“There will always be a part of me that is dirty and sloppy, but I like that, just like all the other parts of myself.”
-Tiffany Maxwell, ‘Silver Linings Playbook’, 2012.
Wow. What a movie! Have you seen it? “Silver Linings Playbook.”
It came out in 2012, but of course ol’ “slow to the scene McGee” here just watched it for the first time tonight!
For me it was a show about mental health. *A really well done show about mental health.*
Sidebar: Someone keep checking on the writers and directors of this film. They have experienced some “ish.”
Bradly Cooper’s character “Pat” was a lot of things. Some of the words I would describe would be: childlike, illogical, passionate, intense, ritualistic, resilient, focused, rash, exhausting, exhausted.
Mostly, it was hard to watch him. The only issue was that I couldn’t take my eyes off on him in every scene either. So well done Bradly. Well done.
Jennifer Lawerences character “Tiffany” was my favorite. Complex, intelligent, volatile, candid, strong, passionate, forward thinking, hyper aware, out of control.
I couldn’t keep my eyes off of her either, but honestly a lot of it is because she is a stone cold fox whose talent is off the charts as an actress.
Robert Dineros character “Pat Sr.” Was the movies paradox. Strong and docile. Pleading and persistent. On top of his sons life while dismissing his own behaviors. Concise and explosive. Loyal and fickle.
I loved watching this “icon” act in such a “real” role. He did a very good job.
All the other supporting roles were congruent to the feel of the film. They had my eyes wide open. I wanted to hear their lines. I wanted to see them stay consistent because it was integral to the movies “wholeness.” *claps for everyone*
So many scenes where the camera moved off center. Shook with feeling or transitioned too fast, or held frame too long. The zoom felt almost “comical,” or some angles “awkward.”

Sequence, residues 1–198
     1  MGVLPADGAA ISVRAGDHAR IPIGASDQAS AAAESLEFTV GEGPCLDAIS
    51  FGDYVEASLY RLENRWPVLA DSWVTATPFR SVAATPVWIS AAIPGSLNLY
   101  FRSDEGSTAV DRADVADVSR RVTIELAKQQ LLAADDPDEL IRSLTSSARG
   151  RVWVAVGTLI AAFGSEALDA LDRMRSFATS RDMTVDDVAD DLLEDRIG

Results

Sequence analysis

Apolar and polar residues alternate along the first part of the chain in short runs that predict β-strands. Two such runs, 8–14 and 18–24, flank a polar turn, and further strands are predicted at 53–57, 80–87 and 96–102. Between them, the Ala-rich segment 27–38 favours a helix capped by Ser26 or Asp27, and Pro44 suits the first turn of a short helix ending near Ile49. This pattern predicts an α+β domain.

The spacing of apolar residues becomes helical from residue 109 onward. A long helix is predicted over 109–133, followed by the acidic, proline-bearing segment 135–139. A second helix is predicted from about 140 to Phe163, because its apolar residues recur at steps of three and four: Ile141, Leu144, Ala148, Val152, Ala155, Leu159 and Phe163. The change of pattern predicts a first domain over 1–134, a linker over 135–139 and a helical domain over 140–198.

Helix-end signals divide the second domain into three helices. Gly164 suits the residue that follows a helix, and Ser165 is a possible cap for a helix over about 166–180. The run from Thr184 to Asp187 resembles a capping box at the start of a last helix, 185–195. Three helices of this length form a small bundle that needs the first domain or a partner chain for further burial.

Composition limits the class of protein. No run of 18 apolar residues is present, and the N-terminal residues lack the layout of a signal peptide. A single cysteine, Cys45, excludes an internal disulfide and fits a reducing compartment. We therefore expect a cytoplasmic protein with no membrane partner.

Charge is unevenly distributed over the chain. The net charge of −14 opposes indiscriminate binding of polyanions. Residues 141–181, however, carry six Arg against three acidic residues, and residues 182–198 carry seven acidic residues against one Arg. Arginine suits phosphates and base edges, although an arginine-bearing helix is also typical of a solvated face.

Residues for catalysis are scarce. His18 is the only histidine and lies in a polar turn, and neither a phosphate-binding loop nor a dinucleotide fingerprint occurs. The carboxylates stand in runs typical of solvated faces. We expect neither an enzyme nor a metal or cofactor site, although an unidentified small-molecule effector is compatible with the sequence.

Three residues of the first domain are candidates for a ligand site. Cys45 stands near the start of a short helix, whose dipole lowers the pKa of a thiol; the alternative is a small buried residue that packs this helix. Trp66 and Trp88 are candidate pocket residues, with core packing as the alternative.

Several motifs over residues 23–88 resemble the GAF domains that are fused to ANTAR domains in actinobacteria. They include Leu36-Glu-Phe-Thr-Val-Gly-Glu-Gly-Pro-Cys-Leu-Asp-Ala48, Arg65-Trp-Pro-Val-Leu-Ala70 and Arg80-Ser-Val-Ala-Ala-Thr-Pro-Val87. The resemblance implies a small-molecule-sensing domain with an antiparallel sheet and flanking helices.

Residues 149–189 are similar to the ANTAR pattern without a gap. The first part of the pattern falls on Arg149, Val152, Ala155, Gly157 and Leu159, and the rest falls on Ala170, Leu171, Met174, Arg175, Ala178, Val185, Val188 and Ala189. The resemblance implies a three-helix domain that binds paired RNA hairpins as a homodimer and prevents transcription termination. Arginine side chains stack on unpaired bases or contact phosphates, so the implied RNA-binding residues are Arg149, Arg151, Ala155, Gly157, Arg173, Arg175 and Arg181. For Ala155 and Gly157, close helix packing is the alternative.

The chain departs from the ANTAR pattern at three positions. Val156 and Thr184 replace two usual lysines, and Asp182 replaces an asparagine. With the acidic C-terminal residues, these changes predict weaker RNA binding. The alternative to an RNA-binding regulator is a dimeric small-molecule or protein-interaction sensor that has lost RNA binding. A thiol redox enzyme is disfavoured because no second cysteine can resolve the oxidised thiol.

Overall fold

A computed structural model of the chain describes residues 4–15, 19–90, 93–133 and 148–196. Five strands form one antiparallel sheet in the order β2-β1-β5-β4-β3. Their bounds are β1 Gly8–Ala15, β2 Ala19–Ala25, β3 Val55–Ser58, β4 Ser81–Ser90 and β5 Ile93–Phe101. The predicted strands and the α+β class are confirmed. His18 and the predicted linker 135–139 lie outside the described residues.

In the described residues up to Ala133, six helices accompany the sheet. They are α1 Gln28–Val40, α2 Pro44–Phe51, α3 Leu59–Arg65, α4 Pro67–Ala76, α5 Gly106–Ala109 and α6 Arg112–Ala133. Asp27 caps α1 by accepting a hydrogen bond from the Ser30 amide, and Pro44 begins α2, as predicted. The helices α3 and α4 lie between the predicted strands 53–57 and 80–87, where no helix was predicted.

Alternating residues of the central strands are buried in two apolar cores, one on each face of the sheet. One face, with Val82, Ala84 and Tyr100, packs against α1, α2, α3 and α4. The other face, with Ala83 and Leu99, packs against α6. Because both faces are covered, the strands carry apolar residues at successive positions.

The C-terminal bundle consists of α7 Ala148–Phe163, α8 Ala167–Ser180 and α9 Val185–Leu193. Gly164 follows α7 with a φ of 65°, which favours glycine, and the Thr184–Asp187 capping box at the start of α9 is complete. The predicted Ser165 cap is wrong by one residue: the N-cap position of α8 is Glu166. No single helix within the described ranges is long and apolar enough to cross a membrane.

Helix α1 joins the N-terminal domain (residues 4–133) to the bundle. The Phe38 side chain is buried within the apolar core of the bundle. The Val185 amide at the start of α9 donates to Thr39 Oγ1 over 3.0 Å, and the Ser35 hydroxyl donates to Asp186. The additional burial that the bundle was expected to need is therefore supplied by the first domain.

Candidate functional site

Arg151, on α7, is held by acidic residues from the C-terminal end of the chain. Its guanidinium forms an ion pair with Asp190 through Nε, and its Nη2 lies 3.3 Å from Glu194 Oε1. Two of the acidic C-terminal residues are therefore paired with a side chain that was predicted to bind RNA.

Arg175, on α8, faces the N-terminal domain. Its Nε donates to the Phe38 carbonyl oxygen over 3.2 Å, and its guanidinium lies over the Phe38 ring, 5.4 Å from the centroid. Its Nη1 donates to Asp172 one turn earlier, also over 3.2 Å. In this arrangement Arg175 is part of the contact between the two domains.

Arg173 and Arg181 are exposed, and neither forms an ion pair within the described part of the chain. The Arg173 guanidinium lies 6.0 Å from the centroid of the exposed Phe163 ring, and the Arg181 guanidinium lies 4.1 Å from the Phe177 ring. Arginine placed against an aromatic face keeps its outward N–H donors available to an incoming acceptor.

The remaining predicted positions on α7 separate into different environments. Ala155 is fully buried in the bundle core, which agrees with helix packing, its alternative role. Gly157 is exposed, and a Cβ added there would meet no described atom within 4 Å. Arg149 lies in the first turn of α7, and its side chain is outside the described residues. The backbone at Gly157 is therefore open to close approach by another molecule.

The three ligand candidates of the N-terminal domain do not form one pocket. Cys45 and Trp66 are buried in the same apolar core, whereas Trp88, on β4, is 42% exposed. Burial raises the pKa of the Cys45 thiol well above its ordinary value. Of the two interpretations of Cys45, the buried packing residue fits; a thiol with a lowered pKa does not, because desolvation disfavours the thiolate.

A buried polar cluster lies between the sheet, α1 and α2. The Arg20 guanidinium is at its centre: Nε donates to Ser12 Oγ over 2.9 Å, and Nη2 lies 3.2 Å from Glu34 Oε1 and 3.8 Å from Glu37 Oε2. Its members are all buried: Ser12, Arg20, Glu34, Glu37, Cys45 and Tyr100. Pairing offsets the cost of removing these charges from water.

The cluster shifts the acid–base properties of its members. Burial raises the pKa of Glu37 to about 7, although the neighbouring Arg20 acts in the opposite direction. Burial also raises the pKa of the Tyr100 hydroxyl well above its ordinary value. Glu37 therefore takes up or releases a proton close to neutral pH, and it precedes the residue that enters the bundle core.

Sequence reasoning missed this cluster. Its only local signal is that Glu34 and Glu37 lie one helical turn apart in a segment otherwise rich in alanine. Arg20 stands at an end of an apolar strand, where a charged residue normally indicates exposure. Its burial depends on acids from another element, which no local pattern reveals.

The music was placed and used “so” artistically. At one of the most intense emotional scenes of the movie, there was a gentle and soft almost (lulling) piano accompaniment.
The emotions were thick and either left to interpret fully without dialogue, or fully disclosed. Not a lot of in between. Very moving in hindsight.
Then. The dance scene at the end. That dance scene. That was movie magic. It was COMPLEX in artistry. It was the BEAUTY that can be found even in the most frayed, live wired brains in humanity. It was wholesome and kind of sexy.
I feel silly saying I don’t want to give away too many details of the movie because it is 10 years old. However, you might be reading this, and have never seen it still. So just in case. No spoilers.
I never said I’d always be inspiring with my writing. I said I’d only put it out if I feel inspired. This movie got my wheels turning! Go watch it and let me know what it did to you!
It did what great MOVE-EES do. MOVE-D me.
What moves you sweet thing?
2 thoughts on “Movie Review (10 yrs late)”
I always like it when the movie is good enough to create in me a state of suspended disbelief, where I’m able to take myself out of the director’s chair, or the editor’s booth, etc. I love to get immersed in the movie to where my emotions are moved to sometimes very uncomfortable places (but not too uncomfortable to where I’ll leave the theater or change the streaming service choice from my recliner.
Just a note.
Love your blog.
I so love your responses! You give such good feedback! Thank you for taking time to read and consume my musings sweet thing! 🙂 You make sense to me!